Outdoors

A fishing trip to 'Lunker City'

Wildside column:

Orlan Love poses with a 19-inch smallmouth bass he caught Sept. 3 on the Wapsipinicon River. It was the last of a dozen
Orlan Love poses with a 19-inch smallmouth bass he caught Sept. 3 on the Wapsipinicon River. It was the last of a dozen big bass he caught during a 17-day interlude in Lunker City. (Orlan Love/correspondent)
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My recent sojourn in Lunker City, a not quite mythical realm where big smallmouth bass leap and thrash, provided welcome respite from the cares of 2020.

Though not an actual place on the map, Lunker City exists. You’re in it when you know a giant bass could greet your next cast.

From Aug. 17 through Sept. 3, I caught 12 smallmouth bass that met my 18-inch lunker standard and at least that many near lunkers and mini-lunkers.

I caught the last of the dozen on Sept. 3, just days before a weeklong rain ended the drought of 2020, which provided a three-week window to fish the Wapsipinicon River in chest waders — my preferred method.

Though ended by a foot-and-a-half rise in the river, my lunker interlude lasted longer than I thought it would, and it was fun while it lasted.

To put that in historical perspective, 12 lunkers would have made a good season in the bygone days of low summer river flows, when you could wear out a new pair of waders every year. My current pair, four years old, barely leak.

At the river’s lowest ebb, just before the rain started on Sept. 6, I waded across in three spots, the water never once wetting my waders above the knee. At one of those spots, I crossed from bank to bank in ankle-deep water, which helps explain why the only boat I saw during that 17-day interval was powered by a jet-drive outboard.

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Of the 12, I photographed 11, which would not have happened in the days before cellphone cameras, when the burden of a full-size camera was more than I cared to bear on an extended wade-fishing outing.

I elected not to photograph the 12th because I caught it in plain sight of two anglers in the jet-driven boat, and I did not wish to give them the impression that the occasion was my first time in the end zone.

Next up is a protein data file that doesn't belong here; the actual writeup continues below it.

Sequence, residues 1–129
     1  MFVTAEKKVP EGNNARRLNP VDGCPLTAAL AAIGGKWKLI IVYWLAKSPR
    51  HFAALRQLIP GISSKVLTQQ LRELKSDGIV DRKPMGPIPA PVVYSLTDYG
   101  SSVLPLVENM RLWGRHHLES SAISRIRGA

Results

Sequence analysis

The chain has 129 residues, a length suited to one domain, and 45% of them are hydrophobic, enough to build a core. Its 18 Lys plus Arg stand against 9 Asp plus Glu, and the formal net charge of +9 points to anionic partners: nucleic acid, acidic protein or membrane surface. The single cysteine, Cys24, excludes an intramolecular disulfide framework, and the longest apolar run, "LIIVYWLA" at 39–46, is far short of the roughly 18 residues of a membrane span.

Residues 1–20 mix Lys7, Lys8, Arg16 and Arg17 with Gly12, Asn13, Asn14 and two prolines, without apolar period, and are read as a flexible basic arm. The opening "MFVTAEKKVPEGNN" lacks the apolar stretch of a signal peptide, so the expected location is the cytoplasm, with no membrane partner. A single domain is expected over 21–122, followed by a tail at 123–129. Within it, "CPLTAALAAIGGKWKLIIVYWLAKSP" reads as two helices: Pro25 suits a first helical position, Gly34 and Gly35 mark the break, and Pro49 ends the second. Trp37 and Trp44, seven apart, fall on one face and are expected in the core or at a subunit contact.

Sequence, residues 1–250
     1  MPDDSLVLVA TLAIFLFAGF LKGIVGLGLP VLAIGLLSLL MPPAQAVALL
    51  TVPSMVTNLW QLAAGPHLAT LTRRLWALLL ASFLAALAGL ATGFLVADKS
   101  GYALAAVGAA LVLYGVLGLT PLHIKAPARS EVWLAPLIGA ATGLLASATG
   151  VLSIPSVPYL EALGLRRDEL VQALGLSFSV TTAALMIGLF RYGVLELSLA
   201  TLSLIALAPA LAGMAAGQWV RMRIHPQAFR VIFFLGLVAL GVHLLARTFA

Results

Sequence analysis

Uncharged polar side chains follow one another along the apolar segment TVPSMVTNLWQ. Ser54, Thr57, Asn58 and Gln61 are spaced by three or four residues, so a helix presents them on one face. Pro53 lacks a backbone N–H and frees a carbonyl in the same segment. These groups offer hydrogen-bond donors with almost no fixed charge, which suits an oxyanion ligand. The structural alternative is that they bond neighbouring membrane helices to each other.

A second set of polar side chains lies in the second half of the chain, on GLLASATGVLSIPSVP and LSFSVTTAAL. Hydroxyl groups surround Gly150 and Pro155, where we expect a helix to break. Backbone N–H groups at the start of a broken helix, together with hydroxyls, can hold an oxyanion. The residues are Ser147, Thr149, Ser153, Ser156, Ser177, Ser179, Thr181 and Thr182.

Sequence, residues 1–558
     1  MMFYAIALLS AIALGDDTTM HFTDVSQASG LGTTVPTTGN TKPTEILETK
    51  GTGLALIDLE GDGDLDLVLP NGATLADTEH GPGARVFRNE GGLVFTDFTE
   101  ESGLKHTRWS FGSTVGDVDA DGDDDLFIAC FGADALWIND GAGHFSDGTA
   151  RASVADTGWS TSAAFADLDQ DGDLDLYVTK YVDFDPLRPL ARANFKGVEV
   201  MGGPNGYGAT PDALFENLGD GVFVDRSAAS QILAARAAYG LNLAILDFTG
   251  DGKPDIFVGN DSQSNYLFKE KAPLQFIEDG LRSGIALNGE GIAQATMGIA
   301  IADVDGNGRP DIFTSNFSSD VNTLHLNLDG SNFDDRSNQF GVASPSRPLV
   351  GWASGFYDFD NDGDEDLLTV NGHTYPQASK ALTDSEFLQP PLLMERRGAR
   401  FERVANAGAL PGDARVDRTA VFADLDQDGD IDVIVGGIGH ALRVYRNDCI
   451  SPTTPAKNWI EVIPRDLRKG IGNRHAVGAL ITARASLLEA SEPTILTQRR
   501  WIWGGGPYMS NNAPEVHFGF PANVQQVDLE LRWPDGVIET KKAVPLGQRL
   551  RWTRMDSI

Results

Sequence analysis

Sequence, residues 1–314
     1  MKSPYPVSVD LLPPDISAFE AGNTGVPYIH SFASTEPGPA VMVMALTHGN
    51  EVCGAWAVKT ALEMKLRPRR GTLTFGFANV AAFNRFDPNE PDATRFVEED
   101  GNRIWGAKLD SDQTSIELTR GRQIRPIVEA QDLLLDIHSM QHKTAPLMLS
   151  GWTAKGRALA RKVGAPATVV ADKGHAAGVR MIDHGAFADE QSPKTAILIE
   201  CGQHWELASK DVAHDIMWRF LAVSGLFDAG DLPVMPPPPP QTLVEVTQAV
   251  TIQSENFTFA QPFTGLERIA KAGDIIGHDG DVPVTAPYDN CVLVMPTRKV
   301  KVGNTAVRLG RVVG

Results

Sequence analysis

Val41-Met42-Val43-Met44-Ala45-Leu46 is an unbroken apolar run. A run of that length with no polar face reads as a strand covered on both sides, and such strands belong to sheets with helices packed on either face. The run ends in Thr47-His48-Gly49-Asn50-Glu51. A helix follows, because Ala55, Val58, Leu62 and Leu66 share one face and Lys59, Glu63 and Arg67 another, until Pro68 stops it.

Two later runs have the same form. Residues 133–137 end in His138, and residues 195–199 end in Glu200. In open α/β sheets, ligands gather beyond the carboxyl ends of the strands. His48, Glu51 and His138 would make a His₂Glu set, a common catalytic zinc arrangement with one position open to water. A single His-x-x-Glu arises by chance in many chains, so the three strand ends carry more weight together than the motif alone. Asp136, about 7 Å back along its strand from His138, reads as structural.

Since my cellphone is not readily accessible inside my belt-secured chest waders, in order to photograph a fish I need to land it on shore, where I can unbuckle my wader belt and dig out the phone.

From my mid-river vantage, this entails coaxing a big, strong, unwilling fish from a rock bank on one side of the river to a sandbar on the other side.

When you hook a big smallmouth in shallow water, it almost always goes airborne once or twice to let you know the stakes of the battle. Then it becomes a tug of war.

Rather than depend upon my reel’s drag to buffer the fish’s powerful runs, I simply walk toward the fish to relieve strain on my tackle whenever the bass has the upper hand.

When, eventually, I sense the fish has tired, I pressure it into the shallows and, with momentum on my side, sweep it onto the sandbar, where I can contain it until I free my camera phone from my waders. My friend Dave Patterson of Atkins calls this final stage of the battle “breaking them to halter,” which is an apt description.

As much as I appreciate the scenery and serenity of time on the river, I tend to take for granted the natural beauty of the setting and have never considered it alone as sufficient to declare an outing successful. It’s fishing, after all; you need to catch a lot of fish, some big ones or both.

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Bites were scarce during my visit to Lunker City, but the disproportionately high percentage of big bass more than compensated for the total absence of “many fish” outings.

The high point of my Lunker City visit occurred on the evening of Aug. 24, when I caught two in two hours, and the following morning, when I caught two more in a different hole.

When catching a lunker will be the measure of your success, having one under your belt with more time yet to fish feels like playing with house money.

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